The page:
Running With Scissors Reviews
Director: Ryan Murphy
Summary: When Deirdre Burroughs (Annette Bening) impulsively decides that her adolescent son Augusten (Joseph Cross) should be raised by her unconventional psychiatrist (Brian Cox), her choice to give him away changes the course of his life forever.
My Thoughts: "Haven't read the book (although I want to) so I am not sure if its the same in writing as it is on screen. It's such a crazy movie.. A good kind of crazy. I had wanted to see this movie for quite some time now, and I am glad I finally got the chance to. It was such a great movie. All the characters are all insane but sane at the same time. The Dr. was my favorite. The lines he gave had me laughing. If you haven't seen it I recommend you do."
This puts the "Drama" in "Dramatic" and makes it seem poetic. A very intense story with some major issues that weigh a ton, in madness.
It started off seemingly normal and interesting but as the story unfolds it takes a very shocking turn with crazy characters and a fiery story that burns with insanity, but still managing to maintain my interest.
Not my kind of flick but it's a nice change from my usual taste. A very hardcore drama indeed but a good check for those who are into "True Stories".
In any case this film was not the quirky "dark comedy" that the trailer lead me to believe it would be.
Instead what I got was a very moving (and yes "quirky") period (1970's) piece about the life of one boy and his COMPLETELY disfunctional family (both biological & "adopted").
The cast is amazing and the writting (for the most part) is as clever as it is depressing.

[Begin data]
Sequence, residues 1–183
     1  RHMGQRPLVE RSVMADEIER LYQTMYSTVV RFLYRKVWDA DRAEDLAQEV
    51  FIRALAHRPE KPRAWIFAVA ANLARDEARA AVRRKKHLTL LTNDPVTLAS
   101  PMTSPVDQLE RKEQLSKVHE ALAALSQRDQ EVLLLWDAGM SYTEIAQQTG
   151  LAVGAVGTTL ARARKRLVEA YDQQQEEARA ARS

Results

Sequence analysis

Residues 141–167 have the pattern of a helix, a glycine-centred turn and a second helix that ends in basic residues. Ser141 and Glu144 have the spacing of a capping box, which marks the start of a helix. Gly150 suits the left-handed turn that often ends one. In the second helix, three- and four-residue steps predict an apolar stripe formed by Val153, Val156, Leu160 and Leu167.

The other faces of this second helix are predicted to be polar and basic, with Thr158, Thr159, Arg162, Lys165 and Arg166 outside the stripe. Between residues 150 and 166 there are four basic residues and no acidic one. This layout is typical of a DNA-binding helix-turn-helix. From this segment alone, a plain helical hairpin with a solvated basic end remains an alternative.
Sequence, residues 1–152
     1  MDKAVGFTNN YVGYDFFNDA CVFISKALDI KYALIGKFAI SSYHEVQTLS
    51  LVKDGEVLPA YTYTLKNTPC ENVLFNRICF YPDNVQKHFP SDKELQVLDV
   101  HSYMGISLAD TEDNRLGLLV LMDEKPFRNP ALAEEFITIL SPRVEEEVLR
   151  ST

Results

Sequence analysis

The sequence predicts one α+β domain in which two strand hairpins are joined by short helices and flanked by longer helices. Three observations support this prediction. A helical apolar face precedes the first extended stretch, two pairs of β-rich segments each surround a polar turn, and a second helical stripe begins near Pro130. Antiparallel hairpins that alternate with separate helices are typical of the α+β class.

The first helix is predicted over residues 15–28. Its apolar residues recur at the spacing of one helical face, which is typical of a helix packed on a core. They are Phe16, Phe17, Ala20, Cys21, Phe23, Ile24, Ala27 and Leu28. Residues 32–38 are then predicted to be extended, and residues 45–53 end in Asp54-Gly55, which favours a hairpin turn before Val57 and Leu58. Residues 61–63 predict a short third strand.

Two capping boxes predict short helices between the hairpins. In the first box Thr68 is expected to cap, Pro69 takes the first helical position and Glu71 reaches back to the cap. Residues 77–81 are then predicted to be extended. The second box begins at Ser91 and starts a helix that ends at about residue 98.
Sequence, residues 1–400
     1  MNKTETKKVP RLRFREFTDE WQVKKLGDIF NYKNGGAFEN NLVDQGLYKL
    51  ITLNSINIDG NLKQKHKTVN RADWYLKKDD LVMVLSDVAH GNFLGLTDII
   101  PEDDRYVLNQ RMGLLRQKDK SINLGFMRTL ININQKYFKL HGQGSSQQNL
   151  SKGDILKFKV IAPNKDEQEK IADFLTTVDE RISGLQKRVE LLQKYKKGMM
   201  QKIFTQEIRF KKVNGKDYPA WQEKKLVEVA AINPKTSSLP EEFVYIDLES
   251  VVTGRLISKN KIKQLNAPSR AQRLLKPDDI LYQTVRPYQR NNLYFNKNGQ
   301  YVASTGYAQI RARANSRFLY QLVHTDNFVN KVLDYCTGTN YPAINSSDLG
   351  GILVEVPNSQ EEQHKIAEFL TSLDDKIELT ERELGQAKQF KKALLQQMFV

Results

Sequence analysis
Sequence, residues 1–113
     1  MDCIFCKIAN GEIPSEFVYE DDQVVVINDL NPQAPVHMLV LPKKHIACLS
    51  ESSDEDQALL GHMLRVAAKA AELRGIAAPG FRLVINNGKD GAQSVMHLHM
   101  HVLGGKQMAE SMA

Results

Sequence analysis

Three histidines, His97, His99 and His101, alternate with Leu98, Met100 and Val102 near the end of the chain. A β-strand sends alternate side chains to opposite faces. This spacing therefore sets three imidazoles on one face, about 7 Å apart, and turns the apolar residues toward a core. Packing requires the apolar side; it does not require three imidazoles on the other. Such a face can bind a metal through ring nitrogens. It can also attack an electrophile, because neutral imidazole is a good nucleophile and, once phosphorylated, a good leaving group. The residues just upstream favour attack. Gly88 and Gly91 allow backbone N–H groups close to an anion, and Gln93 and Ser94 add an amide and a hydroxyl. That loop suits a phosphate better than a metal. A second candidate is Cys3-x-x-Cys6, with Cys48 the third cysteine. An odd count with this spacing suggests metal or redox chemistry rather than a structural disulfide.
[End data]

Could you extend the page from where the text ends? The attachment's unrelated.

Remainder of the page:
All in all an enjoyable (but heartbreaking)story.
[font=Century Gothic]"Running with Scissors" is an awkward and episodic mess of a coming-of-age movie that is based on Burroughs' memoir. The movie is too absurd to be taken seriously as an examination of mental illness and the psychiatric profession but cannot come to the conclusion that it is a comedy either.(It is the kind of scenario that Wes Anderson handles so well.) Depicting his mother as a psuedo-intellectual monster who terrorizes her fellow poets makes the whole thing feel like revenge for her abandoning him which certainly does not help matters. I cannot but help feel that maybe there was more to the woman than that. On top of that, Burroughs is something of a hypocrite.[/font]
[font=Century Gothic]A game cast helps, though. The underemployed Annette Bening reminds us why she is one of the best actors around in a mostly thankless role. Alec Baldwin is getting better with each movie while Joseph Fiennes manages to expand his range for once.[/font]
At the age of twelve, Augusten Burroughs found himself the sole child in the middle of a rough marriage. His father (Alec Baldwin) - an alcoholic - and his mother Deidre (Annette Bening) - a psychotic - fought constantly and eventually their kitchen-bound warfare of both the physical and emotional variety got so intense that Burroughs' mother sent him to live with her psychiatrist, Dr. Finch (Brian Cox); a good doctor, according to Deidre. The Finch house is populated by the doctor, his daughters, and his wife, who eats dog food directly from the rough paper bag while watching "Dark Shadows". This is the story of Augusten's adolescent years spent in this crazy house with these crazy people and those crazy thoughts that go through your head when you're of that age. It also concerns Augusten's realization of his sexuality; as well as his relationship with the adopted son of Dr. Finch, Neil Bookman (Joseph Fiennes), who is several decades older than Augusten.